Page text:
Mexico is one of the most popular destinations for UK visitors. People go to visit the beaches of Cancun, the culturally rich capital of Mexico City and to enjoy the superb facilities of the family and golf resorts of the country.
However, when international travel returns, visitors might want to try heading to Mexico’s Pacific Coast to uncover the hidden treasure that is Riviera Nayarit.
Renowned for its eclectic charm, and authentic appeal, Riviera Nayarit is home to some secret spots filled with adventure, and that offer respite away from tourists…
Mexico’s Pacific Coast – La Tovara: a sanctuary for nature lovers in Mexico’s unknown Amazonia rainforest
Smaller in size but still as mighty, La Tovara National Park in the Riviera Nayarit is home to an abundance of nature and wildlife that coexist, forming a unique and surprising ecosystem. Crocodiles have found sanctuary in the La Tovara waters due to the comfortable water temperatures and ample availability of food. The Kiekari Crocodile Preserve provides a sustainable environment for the crocs to enjoy and is also home to a crocodile nursey. Travellers can visit the preserve and discover how they get released into the wild, as part of a repopulation programme.
La Tovara’s unique location means that natural, fresh spring water comes flowing down from the mountains. It is here where travellers can discover Camalota Lagoon’s crystal-clear waters – a perfect habitat for thousands of fish, bird, and reptile species. According to the legend, those who take a dip in the lagoon will be protected by magical nets to stop the crocodiles nipping at their toes…
Mexico’s Pacific Coast – Mexcaltitán: the mysterious micro-destination known as “Mexican Venice”, birthplace of the Aztecs
Mexcaltitán in Riviera Nayarit is Mexico’s most recently minted “Magical Town”, a recognition to a few beautiful Mexican villages that have preserved their cultural and historic richness.
Mexcaltitán is shrouded in mystical and magical history that is well-worth a day trip. The island is deep-rooted in ancient Aztec history and many historians believe that this island is the birthplace of modern-day Mexico. Over time it has been popularity known as the “Mexican Venice” because Mexcaltitán features high pavements that allow pedestrians to navigate the island even during times of high-water levels which can flood the streets of the island. Visitors will find no cars. A canoe ride around the charming island takes about 30 minutes, passing thousands of traditionally colourful Mexican houses, and street art.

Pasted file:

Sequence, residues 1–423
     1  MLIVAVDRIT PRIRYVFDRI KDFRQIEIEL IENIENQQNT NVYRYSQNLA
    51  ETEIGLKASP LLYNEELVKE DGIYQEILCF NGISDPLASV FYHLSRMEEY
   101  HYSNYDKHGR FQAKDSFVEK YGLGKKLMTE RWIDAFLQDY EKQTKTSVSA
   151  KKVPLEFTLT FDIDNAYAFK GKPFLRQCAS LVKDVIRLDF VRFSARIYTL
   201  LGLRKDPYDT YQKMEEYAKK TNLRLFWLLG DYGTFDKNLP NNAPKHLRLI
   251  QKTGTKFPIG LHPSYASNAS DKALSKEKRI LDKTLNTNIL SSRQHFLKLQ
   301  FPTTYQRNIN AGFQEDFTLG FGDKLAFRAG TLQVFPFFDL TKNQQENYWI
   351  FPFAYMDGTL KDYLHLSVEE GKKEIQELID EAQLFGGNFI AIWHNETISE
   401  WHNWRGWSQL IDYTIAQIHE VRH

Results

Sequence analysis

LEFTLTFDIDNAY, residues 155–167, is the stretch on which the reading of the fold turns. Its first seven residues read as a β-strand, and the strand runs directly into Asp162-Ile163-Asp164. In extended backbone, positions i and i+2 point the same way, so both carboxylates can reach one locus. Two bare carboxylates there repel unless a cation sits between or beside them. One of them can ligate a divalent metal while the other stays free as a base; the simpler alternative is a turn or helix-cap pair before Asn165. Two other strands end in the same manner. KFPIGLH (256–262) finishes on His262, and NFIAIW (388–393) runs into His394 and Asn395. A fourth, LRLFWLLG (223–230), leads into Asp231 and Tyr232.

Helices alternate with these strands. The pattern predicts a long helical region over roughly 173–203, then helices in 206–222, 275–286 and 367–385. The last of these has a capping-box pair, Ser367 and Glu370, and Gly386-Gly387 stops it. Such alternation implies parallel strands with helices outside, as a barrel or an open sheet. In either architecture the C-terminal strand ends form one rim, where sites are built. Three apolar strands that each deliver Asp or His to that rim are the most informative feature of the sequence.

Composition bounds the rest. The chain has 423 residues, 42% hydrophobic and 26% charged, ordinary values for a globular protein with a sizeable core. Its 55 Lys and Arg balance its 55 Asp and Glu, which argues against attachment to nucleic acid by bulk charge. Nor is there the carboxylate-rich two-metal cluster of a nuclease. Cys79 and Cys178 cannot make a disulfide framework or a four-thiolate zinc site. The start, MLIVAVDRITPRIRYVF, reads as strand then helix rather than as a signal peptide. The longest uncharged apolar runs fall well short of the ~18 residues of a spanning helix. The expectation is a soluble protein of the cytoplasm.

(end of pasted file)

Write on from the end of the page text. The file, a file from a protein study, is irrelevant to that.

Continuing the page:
Mexico’s Pacific Coast – Islands National Park: Mexico’s hidden beach
Located in the UNESCO-recognised Marietas Islands National Park is the ultimate bucket-list destination, a hidden beach formed by volcanic activity and accessed only via swimming through a tunnel.
To reach this hidden beach, travellers will need to book a boat tour out to Marietas Islands National Park, a 45-minute journey from Punta Mita, in the south of Riviera Nayarit. Once there, visitors are asked to jump off the boat and swim close to the entrance. As the beach is hidden underground, visitors will have to swim through a passage that will eventually lead them to the shore.
Marietas Islands is a wildlife sanctuary, home to the incredibly rare blue-footed booby that can only find in two parts of the planet: Marietas Islands and the Galapagos Islands.
The crystal-clear waters and coral reefs are ideal for snorkeling. Frequent visitors of Marietas Islands are turtles, dolphins, and humpback whales. On the shore, visitors can spot, barber butterflies, humpback parrots and steel swallows.
Mexico’s Pacific Coast – Sayulita: The hippy-chic coastal town, home to a bohemian art colony
It might be its friendly, laid-back atmosphere, its beaches perfect for surfing, or perhaps that very 60s-style vibe: peace and love. Truth is, whatever it is, this town has a certain je n’ai sais quoi that’s quite charming, with a boho-chic style that fills its streets, shops, galleries, and accommodations. There is no doubt Sayulita is the trendiest town in Mexico.
The town has a flourishing art street scene and a delightfully growing fleet of up-and-coming local artists. Street Art in Sayulita has exploded in the last several years with Huichol Indians displaying their colourful art in the plaza in the heart of town.
Visitors can discover Sayulita’s street art on a day trip and immerse themselves in this quirky and colourful ‘open-air art gallery’. A perfect tour starts exploring cobbled streets that overflow with these unique artworks, interpret the fascinating murals for free, either alone or in a group, and end the day exploring the shops with ceramics, pottery, and locally, hand-crafted jewellery.